•  WEB-MED (Web-Enabled, Bi-directional Medical Education Device) Project, HMS

•  Functional Neurosurgery for Movement Disorders Committee, MGH

2001- HST Board of Advisors, MIT

2001- Psychiatric Neurosurgery Committee, MGH

2001-2 Resident as Teacher Program, the Academy at HMS, representative for Neurology

•  Neurology Residency Selection Committee, MGH

•  Subcommittee on Review of Research Proposals, Executive Committee on Research, MGH

•  Psychopharmacology Committee, MGH

Professional Societies:

1988- Society for Neuroscience

1994- Massachusetts Medical Society

1995- American Academy of Neurology

2004- Brain and Behavior Group, HMS and MIT, charter member

Community Service Related to Professional Work:

1990-94 Radcliffe Mentor Program, Harvard University

2002-03 Bio-Matrix Mentor Program, MIT

2002-03 Harvard College Mental Health Advocacy and Awareness Group

Editorial Boards:

•  Nature , ad hoc reviewer

•  P.N.A.S. , ad hoc reviewer

•  Neuroimage, ad hoc reviewer

•  Journal of Neurophysiology, ad hoc reviewer

•  Neurology, ad hoc reviewer

•  Harvard Medical Alumni Bulletin, Board of Editors

Awards and Honors:

1981-85 John Harvard Scholarship, Harvard University

1981-85 Elizabeth Cary Agassiz Scholar, Harvard University

1982 Detur Prize, Harvard University

1985 A.B. granted with highest honors, Harvard College

1994 M.D. granted with high honors, Harvard Medical School

1997 Chief resident, Dept. of Neurology, MGH

1998 The Olcott Fellow, Dept. of Neurology, MGH

1999 The Rappoport Scholar, MGH

2000 Moby Award, Best Educational Application, for the electronic version of the MGH Handbook of Neurology

2002 Partners in Excellence Award, MGH for outstanding performance

2004 Finalist, Schwartz Center Compassionate Caregiver Award (one of 7 finalists statewide)

2005-06 Helen Putnam Fellow, Radcliffe Institute of Advanced Studies (Bunting)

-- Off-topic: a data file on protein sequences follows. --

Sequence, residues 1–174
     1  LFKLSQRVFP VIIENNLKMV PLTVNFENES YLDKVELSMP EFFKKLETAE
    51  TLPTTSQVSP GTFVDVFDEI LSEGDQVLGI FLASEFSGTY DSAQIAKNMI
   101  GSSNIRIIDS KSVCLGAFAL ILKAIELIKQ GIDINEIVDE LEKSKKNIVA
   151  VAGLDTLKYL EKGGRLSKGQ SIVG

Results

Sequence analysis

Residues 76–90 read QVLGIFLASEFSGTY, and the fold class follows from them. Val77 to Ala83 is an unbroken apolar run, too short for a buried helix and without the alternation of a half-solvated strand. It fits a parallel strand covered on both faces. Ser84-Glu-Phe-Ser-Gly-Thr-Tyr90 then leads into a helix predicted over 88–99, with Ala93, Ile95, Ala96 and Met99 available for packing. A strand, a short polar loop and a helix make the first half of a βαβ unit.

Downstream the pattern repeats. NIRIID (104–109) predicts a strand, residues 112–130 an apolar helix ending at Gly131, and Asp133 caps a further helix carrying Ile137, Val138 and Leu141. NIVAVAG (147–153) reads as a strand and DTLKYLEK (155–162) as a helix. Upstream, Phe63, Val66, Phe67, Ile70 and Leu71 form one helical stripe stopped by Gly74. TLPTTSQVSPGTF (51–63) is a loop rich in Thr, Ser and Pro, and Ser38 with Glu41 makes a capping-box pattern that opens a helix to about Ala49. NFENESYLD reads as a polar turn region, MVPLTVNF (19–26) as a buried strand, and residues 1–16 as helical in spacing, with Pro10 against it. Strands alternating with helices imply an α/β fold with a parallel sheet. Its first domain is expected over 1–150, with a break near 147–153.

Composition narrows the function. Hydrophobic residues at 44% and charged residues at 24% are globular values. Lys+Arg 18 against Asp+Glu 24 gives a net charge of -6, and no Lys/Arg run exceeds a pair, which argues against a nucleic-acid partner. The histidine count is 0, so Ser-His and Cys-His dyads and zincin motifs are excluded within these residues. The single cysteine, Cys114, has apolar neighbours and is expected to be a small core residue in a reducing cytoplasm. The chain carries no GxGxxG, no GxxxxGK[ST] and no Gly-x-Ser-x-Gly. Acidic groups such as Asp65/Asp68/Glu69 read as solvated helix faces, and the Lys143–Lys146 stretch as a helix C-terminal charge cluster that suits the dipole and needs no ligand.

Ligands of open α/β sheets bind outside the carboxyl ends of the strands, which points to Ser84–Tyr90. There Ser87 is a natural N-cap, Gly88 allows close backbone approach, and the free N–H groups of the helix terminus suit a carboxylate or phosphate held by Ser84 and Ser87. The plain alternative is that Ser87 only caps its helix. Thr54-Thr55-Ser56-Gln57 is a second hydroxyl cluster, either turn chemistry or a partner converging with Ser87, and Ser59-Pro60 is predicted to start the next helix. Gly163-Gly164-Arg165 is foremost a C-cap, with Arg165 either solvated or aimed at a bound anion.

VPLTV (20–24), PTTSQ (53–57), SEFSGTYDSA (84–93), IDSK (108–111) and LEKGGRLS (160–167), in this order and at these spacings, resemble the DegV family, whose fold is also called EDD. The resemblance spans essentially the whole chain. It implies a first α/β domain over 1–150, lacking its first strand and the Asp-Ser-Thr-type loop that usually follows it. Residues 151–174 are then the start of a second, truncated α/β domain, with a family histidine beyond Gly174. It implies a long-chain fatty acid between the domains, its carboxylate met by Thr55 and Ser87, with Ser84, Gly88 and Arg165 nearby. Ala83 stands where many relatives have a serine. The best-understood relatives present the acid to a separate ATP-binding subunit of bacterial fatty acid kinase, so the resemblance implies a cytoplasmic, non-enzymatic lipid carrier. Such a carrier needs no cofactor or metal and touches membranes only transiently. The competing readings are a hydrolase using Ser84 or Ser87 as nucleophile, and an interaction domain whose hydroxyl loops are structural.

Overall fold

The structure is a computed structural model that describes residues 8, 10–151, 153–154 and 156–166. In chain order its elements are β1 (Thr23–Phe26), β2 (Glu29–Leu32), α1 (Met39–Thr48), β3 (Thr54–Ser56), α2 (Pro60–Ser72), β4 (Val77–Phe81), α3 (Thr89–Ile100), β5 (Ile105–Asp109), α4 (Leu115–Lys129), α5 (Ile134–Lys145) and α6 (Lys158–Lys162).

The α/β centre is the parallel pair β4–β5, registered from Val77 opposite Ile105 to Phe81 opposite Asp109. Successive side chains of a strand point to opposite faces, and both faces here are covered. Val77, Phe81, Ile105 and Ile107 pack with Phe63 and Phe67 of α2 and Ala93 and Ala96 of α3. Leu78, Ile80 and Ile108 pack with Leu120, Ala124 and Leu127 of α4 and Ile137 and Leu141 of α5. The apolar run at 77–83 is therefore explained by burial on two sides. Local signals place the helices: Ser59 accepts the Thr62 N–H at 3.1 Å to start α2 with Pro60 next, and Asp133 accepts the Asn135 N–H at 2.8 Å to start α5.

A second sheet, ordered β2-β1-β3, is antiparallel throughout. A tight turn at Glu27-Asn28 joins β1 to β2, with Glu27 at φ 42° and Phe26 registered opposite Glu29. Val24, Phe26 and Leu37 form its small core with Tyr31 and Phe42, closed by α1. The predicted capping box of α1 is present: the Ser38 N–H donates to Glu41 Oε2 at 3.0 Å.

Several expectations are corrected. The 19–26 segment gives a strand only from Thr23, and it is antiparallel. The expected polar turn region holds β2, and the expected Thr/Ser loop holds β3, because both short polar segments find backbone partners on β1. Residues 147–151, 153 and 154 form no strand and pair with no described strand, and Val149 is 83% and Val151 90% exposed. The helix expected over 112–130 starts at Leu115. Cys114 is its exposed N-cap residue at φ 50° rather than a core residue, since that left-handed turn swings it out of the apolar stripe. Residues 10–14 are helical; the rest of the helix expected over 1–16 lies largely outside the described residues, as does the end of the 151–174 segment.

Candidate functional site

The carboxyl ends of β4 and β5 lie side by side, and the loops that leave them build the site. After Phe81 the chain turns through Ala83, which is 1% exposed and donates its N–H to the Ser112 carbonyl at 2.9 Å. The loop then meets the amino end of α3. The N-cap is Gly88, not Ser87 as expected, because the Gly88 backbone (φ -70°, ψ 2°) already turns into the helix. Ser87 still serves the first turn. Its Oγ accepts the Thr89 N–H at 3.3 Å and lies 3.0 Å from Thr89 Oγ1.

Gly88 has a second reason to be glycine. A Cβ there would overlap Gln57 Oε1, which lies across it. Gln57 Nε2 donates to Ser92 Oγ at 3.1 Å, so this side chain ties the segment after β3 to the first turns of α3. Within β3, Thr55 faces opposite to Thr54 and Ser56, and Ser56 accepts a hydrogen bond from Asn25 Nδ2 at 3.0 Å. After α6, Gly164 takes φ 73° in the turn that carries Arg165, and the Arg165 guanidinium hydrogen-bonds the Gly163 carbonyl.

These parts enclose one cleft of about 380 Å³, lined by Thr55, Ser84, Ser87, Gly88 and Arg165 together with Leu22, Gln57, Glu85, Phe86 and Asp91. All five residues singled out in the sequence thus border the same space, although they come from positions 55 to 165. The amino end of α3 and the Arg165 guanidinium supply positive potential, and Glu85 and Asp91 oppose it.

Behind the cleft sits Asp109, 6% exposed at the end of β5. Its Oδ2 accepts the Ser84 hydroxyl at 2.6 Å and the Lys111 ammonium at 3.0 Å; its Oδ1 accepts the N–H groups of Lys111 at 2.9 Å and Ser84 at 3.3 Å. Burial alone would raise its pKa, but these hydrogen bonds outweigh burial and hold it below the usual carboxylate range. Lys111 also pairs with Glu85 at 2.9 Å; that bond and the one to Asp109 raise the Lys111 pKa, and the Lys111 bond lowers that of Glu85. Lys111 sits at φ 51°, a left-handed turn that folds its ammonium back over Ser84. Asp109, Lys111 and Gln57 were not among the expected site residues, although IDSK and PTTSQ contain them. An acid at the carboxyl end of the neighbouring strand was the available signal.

2005 William Saroyan International Writing Prize, nonfiction short list (10 authors)

 

PART II: RESEARCH, TEACHING, AND CLINICAL CONTRIBUTIONS

 

•  Narrative report of Research, Teaching, and Clinical Contributions

My focus is on how basal ganglia disorders interact with disorders of motivation and mood.

Research: I first approached this intersection through electrophysiology of primate movement control. We showed that sensorimotor maps fracture to interdigitate with limbic inputs in the striatum but then recombine in the pallidum. This interaction may underlie distortions in the drive to act, as in Parkinson's disease and drug addiction. My subsequent functional MRI research further supports the striatum's behavioral role. We found left-dominance of movement activation—suggestive, since hemispheric dominance is usually restricted to higher cortical functions. We see greater activation when dystonics imagine performing a task than when they actually perform it. We find dramatic striatal activation early in movement, supporting the controversial striatal role in movement initiation. Now I am also studying how agents affecting motivation, such as dopaminergic drugs, phototherapy, and brain stimulators, affect mood and idea initiation. I am involved in planning a multicenter trial for stimulator treatment of depression.